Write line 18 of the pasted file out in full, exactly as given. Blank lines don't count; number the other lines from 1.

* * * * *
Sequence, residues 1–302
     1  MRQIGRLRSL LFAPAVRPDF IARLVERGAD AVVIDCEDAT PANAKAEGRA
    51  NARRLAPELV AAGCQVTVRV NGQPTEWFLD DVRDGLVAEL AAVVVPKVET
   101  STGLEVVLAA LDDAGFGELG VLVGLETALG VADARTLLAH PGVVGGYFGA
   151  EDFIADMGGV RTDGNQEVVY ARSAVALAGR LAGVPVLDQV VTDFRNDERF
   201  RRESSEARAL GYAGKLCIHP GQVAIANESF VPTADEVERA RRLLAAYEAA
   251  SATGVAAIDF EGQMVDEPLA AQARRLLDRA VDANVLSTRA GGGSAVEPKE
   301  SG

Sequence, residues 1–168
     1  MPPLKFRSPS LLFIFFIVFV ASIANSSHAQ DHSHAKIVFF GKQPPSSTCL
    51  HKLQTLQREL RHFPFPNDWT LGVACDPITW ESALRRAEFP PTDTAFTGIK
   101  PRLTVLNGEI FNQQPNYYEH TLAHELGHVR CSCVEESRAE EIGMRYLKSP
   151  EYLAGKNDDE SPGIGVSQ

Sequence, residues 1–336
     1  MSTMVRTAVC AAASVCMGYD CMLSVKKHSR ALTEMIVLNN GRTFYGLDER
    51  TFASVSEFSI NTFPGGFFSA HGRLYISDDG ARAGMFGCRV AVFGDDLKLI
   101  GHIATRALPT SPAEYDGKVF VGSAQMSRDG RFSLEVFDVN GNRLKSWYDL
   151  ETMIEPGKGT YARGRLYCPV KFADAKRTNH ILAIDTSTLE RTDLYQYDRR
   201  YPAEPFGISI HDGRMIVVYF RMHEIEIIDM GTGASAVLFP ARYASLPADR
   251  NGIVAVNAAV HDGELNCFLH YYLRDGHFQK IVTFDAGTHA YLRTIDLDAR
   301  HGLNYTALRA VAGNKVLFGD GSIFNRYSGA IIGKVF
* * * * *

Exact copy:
   151  ETMIEPGKGT YARGRLYCPV KFADAKRTNH ILAIDTSTLE RTDLYQYDRR